The Picasso Problem

Guest Post by Willis Eschenbach Let me start explaining the link from Picasso to climate science by looking at what Dr. Nir Shaviv called “the most boring graph I have ever plotted in my life”. This is the graph of the changes in the best estimate of the range of what is called “climate sensitivity”…

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Clouds and El Nino

Guest Post by Willis Eschenbach After the turn of the century, I became interested in climate science. But unlike almost everyone else, I wasn’t surprised by how much the global temperature was changing. As someone with experience with heat engines and engine governors, I know how hard it is to keep a heat engine stable…

Where The Warmth Is

Guest Post by Willis Eschenbach I got to thinking about the “hiatus” in warming in the 21st Century, and I realized that the CERES satellite dataset covers the period since the year 2000. So I’ve graphed up a few views of the temperature changes over the period of the CERES record, which at present is…

Glimpsed Through The Clouds

Guest Post by Willis Eschenbach [See Update at the end.] [See Second Update at the end.] In a recent post, I discussed the new CERES Edition 4.0 dataset. See that post for a discussion of the CERES satellite-based radiation data, along with links to the data itself. In that post I’d said: I bring all of…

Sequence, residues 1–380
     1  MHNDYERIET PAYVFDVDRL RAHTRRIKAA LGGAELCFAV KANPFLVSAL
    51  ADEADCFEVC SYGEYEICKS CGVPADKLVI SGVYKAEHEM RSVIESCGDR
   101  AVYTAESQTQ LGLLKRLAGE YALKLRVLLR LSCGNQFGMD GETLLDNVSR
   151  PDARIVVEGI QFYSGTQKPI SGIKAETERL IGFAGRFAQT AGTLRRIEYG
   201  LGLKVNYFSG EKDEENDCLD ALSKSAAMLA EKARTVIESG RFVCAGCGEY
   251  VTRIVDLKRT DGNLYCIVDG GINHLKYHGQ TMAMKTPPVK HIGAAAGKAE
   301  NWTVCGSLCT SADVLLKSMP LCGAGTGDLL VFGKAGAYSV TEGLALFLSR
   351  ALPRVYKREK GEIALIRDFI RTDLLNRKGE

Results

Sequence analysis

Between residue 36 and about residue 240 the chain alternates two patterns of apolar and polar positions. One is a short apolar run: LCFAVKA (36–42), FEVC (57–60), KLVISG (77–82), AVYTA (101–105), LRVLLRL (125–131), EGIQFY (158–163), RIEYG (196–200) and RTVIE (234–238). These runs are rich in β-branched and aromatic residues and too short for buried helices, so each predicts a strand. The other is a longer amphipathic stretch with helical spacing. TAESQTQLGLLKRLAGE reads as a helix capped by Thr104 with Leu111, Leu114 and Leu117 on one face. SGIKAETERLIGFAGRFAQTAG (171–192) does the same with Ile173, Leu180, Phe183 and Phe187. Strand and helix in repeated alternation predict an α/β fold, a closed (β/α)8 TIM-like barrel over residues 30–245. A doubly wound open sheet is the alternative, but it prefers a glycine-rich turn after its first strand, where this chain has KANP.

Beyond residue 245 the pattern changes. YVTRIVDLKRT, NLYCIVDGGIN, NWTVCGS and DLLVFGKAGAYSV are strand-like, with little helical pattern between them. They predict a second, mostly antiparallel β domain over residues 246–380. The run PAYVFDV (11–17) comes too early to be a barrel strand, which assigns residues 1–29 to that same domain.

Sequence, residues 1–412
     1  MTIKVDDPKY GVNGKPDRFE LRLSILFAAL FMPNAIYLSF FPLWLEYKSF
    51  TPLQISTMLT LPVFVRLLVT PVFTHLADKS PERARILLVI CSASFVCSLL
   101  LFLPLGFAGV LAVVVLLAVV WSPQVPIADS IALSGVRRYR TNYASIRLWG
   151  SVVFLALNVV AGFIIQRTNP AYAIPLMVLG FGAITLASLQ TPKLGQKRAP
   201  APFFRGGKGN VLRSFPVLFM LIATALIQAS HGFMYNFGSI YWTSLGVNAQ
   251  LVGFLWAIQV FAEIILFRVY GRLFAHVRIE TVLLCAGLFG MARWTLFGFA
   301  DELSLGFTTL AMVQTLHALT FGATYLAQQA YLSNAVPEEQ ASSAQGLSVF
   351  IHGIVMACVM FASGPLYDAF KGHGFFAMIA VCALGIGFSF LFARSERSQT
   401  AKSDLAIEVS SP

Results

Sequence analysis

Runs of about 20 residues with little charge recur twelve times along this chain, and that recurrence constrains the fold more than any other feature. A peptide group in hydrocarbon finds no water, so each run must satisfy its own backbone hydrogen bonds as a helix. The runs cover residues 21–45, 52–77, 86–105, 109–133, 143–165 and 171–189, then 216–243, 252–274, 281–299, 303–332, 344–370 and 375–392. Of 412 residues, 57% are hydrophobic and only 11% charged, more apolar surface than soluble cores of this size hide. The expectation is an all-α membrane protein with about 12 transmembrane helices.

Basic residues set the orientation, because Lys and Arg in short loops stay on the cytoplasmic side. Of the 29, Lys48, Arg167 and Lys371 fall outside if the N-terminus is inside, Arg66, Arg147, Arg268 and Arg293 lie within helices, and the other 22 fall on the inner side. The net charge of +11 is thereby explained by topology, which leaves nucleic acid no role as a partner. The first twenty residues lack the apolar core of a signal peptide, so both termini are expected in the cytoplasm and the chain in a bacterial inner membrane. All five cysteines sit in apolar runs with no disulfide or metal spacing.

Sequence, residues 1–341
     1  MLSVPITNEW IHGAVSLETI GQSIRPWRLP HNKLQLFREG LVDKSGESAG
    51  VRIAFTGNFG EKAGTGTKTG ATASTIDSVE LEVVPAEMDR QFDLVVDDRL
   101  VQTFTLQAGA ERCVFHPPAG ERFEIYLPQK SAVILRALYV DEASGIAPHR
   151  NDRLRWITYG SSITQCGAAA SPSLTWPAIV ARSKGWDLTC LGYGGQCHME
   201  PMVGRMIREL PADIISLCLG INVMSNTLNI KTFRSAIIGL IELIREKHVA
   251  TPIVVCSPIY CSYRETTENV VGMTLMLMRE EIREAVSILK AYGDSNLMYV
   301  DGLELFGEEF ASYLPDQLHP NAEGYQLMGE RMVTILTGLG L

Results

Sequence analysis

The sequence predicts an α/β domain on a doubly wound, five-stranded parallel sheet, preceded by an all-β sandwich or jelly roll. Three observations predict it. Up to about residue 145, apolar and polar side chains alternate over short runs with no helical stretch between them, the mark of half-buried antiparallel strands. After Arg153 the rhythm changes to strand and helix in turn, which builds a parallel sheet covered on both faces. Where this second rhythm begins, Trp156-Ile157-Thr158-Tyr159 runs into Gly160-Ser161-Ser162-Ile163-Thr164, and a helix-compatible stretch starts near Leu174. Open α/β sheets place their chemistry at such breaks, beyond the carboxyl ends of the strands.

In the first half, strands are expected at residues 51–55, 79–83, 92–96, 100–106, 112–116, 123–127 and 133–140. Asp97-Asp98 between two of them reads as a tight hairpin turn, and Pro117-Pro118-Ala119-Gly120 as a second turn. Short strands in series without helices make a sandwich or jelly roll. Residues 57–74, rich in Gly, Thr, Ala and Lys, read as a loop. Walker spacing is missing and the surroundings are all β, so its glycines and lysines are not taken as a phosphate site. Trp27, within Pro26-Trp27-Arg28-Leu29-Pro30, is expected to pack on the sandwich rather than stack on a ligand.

Into The Vortex

Guest Post by Willis Eschenbach I came across a lovely photograph of a “fire devil”, also called a “fire whirl”. I liked it because the photo perfectly exemplified what is wrong with the current generation of climate models. What is wrong with the models is that they don’t include any of the vortex-based emergent atmospheric…

How Thunderstorms Beat The Heat

Guest Post by Willis Eschenbach I got to thinking again about the thunderstorms, and how much heat they remove from the surface by means of evaporation. We have good data on this from the Tropical Rainfall Measuring Mission (TRMM) satellites. Here is the distribution and strength of rainfall, and thus evaporation, around the middle of…

Tropical Evaporative Cooling

Guest Post by Willis Eschenbach I’ve been looking again into the satellite rainfall measurements from the Tropical Rainfall Measurement Mission (TRMM). I discussed my first look at this rainfall data in a post called Cooling and Warming, Clouds and Thunderstorms. There I showed that the cooling from thunderstorm-driven evaporation is a major heat-regulating mechanism in…

Cooling and Warming, Clouds and Thunderstorms

Guest Post by Willis Eschenbach Following up on a suggestion made to me by one of my long-time scientific heroes, Dr. Fred Singer, I’ve been looking at the rainfall dataset from the Tropical Rainfall Measuring Mission (TRMM) satellite. Here’s s the TRMM average rainfall data for the entire mission to date: Figure 1. Average annual…

TAO Buoys Go Hot And Cold

Guest Post by Willis Eschenbach I got to thinking about how I could gain more understanding of the daily air temperature cycles in the tropics. I decided to look at what happens when the early morning (midnight to 5:00 AM) of a given day is cooler than usual, versus what happens when the early morning…